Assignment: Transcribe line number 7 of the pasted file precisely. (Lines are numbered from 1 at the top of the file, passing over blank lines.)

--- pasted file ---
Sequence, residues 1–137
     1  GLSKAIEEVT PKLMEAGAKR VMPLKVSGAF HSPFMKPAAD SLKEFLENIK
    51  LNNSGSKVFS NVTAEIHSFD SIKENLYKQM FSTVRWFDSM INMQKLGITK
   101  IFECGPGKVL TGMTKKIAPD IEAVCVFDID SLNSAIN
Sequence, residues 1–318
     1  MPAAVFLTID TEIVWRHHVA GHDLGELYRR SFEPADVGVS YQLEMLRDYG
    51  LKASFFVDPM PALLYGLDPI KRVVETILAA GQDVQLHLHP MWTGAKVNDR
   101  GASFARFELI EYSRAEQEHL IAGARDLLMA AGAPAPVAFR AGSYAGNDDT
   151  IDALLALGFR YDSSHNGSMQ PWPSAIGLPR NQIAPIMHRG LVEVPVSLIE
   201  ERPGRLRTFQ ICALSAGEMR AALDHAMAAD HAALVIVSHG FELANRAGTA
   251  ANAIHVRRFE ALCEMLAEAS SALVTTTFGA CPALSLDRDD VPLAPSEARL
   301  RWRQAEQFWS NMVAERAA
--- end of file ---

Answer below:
    51  LKASFFVDPM PALLYGLDPI KRVVETILAA GQDVQLHLHP MWTGAKVNDR